The Home Bargains website is among the most basic in this list, but there are some elements worth noting. First is its promotion of returns, which is often absent among discount retailers (with many choosing to prioritise delivery instead).
It’s clear that a robust ecommerce offering helped many a retailer get through the Covid-19 pandemic, where even amongst booming categories like Home, store restrictions and closures initially impacted sales. And even if ecommerce penetration dips back to pre-pandemic levels for the foreseeable future, many retailers across the board are focusing on ecommerce profitability by taking a more pragmatic stance in areas such as home delivery charges and returns policies.
Like B&M, Aldi’s website clearly labels which products are available to order online, as well as those in its ‘Specialbuys’ category that are currently available with free delivery. This additional perk is bound to drive orders, but its bold blue label (which is hard to miss on product pages) is particularly effective.
Home Bargains: a focus on returns
Ecommerce Best Practice Guide
Wilko’s website stands out amongst budget retailers, which can often have fairly sparse sites. Its product pages, for example, include comprehensive reviews, detailed descriptions, as well as handy product bundles, and links to ideas and advice.
Home Bargains Flowers: “it doesn’t say Home Bargains on the box”
The reassurance that “it doesn’t say Home Bargains on the box” is a clever touch.
Aldi rolled out its click-and-collect service in early 2021, but it has been selling online for a number of years, beginning with wine by the case in 2016. The retailer also added an ‘online home store’ (a new section of its existing ecommerce website) in late 2021.
B&M: ‘look for the orange van’ labelling
Another nice touch is a next-day delivery countdown, which gives shoppers an indication of how long they’ve got left to qualify for next day delivery (this disappears on Fridays, reverting to ‘our fastest delivery’ after the weekend). Another effective element is Wilko’s dedicated ‘Offers’ tab on its homepage, which effectively promotes its money-saving angle online, driving purchases that are on sale or reduced to clear.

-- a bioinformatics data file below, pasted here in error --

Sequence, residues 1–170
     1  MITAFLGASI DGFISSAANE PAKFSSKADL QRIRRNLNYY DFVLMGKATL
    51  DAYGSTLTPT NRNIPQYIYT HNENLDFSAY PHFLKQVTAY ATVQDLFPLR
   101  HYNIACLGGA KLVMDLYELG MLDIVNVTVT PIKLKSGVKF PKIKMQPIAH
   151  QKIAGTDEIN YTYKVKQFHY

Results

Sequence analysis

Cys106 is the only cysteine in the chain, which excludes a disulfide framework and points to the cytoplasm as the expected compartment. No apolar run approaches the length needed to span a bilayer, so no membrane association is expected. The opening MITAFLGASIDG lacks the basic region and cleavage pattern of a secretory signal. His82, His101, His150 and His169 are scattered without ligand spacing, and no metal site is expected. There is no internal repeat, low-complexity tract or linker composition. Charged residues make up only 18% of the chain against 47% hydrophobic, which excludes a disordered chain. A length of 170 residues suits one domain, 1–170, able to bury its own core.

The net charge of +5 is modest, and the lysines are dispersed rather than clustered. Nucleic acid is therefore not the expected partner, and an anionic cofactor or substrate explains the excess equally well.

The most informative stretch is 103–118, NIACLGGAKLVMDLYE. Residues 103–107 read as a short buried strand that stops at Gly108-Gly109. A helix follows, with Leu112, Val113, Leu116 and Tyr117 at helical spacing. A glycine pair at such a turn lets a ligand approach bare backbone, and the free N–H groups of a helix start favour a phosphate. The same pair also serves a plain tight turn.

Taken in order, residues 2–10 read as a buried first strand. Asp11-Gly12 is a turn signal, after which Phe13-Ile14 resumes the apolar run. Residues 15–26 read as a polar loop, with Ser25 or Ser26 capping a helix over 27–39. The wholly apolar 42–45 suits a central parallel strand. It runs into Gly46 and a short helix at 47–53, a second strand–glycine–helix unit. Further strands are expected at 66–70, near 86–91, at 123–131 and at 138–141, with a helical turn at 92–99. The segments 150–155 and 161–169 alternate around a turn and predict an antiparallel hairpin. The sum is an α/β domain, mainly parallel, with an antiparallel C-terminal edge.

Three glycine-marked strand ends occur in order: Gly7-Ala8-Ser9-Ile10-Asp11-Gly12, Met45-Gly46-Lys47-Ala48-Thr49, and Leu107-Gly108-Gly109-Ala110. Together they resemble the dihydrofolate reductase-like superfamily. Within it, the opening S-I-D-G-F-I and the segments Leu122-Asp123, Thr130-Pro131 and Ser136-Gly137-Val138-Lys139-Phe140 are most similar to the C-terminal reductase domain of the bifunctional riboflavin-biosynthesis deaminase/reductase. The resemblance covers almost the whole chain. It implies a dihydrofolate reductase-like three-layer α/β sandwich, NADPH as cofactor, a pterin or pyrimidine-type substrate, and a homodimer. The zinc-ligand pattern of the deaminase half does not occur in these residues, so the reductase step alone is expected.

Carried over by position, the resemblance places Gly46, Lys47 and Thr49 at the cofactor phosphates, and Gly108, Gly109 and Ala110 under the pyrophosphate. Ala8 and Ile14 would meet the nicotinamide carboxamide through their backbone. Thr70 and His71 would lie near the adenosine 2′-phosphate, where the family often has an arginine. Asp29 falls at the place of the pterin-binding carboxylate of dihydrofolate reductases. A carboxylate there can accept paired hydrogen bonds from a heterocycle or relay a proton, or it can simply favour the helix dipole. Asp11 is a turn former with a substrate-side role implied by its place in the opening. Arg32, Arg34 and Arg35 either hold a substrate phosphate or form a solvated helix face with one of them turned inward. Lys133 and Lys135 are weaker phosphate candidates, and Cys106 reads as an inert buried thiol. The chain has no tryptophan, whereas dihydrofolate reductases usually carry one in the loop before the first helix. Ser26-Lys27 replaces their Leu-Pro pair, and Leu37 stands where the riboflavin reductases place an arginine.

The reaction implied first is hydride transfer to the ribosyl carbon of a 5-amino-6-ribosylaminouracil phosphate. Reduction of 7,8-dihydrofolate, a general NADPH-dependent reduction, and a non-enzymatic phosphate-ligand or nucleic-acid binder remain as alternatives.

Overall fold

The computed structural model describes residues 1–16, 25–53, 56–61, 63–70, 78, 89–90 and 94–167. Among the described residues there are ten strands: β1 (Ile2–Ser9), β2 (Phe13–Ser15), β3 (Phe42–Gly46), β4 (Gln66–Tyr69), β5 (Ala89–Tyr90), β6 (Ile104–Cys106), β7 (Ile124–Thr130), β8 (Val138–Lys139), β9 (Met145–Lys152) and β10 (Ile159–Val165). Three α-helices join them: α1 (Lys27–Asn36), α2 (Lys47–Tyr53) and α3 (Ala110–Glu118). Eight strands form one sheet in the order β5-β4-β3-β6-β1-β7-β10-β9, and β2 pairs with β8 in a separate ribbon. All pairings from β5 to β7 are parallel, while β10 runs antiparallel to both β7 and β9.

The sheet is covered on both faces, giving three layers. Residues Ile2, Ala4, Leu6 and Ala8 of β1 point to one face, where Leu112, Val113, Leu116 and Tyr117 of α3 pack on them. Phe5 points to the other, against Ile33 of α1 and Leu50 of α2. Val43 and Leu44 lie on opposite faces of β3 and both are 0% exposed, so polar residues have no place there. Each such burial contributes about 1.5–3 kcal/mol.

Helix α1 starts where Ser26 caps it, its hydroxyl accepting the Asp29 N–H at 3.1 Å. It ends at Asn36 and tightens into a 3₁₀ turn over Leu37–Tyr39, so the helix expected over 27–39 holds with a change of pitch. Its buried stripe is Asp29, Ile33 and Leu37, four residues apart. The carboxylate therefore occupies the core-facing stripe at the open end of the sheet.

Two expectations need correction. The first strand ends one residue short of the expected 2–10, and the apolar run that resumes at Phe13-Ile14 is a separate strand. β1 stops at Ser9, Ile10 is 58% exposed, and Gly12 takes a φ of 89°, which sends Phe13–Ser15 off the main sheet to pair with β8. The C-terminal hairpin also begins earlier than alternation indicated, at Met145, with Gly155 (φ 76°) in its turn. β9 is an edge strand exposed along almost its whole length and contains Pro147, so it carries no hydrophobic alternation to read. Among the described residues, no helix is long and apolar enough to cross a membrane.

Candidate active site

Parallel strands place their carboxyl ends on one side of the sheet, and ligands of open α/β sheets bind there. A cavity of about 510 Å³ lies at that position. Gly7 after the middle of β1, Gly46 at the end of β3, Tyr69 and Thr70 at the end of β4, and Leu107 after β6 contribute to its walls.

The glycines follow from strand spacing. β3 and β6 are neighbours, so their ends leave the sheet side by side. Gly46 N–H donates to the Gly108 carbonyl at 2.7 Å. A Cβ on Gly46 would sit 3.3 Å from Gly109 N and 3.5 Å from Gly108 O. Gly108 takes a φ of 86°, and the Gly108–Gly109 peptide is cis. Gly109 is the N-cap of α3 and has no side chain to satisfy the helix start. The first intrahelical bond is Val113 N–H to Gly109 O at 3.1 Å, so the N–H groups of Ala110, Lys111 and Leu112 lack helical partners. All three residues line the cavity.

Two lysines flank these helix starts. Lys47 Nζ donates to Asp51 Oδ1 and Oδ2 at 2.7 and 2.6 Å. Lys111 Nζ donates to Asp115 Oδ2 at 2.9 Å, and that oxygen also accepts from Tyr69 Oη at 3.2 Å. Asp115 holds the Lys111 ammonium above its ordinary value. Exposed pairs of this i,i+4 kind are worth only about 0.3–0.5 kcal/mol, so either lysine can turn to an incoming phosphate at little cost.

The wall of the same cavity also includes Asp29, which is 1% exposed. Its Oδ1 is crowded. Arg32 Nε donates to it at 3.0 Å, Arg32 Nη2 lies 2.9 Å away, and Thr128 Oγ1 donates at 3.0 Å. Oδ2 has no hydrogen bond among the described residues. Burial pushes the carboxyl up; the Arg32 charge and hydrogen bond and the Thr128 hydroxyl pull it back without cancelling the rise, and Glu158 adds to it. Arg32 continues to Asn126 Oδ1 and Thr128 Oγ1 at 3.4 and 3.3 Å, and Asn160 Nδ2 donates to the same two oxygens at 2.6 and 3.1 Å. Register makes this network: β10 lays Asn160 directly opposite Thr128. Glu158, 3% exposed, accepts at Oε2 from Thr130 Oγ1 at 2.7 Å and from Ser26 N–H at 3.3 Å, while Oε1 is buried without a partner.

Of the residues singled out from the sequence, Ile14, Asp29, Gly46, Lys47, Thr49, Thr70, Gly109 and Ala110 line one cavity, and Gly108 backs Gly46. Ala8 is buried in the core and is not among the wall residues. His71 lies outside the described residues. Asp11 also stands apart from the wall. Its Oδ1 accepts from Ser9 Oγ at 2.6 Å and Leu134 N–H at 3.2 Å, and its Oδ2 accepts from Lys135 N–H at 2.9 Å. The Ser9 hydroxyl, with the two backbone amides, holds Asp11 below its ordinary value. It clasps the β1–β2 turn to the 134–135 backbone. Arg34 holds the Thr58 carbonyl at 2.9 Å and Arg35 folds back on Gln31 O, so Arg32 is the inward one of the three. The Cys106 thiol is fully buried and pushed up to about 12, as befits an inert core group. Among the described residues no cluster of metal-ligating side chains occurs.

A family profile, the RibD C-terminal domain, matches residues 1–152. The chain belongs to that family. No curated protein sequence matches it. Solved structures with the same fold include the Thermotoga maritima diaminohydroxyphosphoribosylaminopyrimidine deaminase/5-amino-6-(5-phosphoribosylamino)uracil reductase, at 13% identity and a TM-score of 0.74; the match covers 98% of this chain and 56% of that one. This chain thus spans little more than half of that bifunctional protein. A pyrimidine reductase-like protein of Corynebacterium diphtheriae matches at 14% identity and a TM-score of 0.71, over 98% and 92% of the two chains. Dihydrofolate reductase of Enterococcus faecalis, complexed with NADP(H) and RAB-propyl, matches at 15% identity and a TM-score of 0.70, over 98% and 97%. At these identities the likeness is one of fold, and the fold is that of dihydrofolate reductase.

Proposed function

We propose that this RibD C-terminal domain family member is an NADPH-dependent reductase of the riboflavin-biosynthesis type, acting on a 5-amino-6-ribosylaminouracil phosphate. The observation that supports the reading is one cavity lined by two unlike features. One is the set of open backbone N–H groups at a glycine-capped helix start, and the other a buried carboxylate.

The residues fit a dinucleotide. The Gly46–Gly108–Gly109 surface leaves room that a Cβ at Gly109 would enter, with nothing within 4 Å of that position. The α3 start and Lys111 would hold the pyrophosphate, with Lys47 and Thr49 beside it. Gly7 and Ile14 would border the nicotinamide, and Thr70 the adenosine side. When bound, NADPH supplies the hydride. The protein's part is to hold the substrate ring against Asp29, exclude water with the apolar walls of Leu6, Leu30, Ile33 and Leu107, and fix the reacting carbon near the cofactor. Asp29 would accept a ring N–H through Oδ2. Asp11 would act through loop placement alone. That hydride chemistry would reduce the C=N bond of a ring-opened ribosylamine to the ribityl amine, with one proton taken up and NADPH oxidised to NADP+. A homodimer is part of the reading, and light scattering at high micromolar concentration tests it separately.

Home Bargains puts ‘hassle-free returns’ as a USP on its homepage, as well as on its product pages, where it highlights that items are free to return in stores within 30 days.
Poundshop.com: bundle add-to-cart
Poundland shuttered its own nascent ecommerce website, which launched in 2021, and the Poundshop.com website now sells Poundland’s private label ranges like PEP&CO Home.
The majority of B&M’s offering remains in-store only, however, the budget retailer has recently started selling its garden category online.
At a time of inflationary pressures and increased cost of living, customers may be seeking out these options more readily online. So how do these retailers encourage conversion amongst shoppers who may be new to purchasing in this category online?
Here’s a look at some UX features across the ecommerce websites of Aldi, B&M, Home Bargains, Poundland/Poundshop.com, Primark, Savers and Wilko.
Poundshop.com: cheaper delivery, the more you spend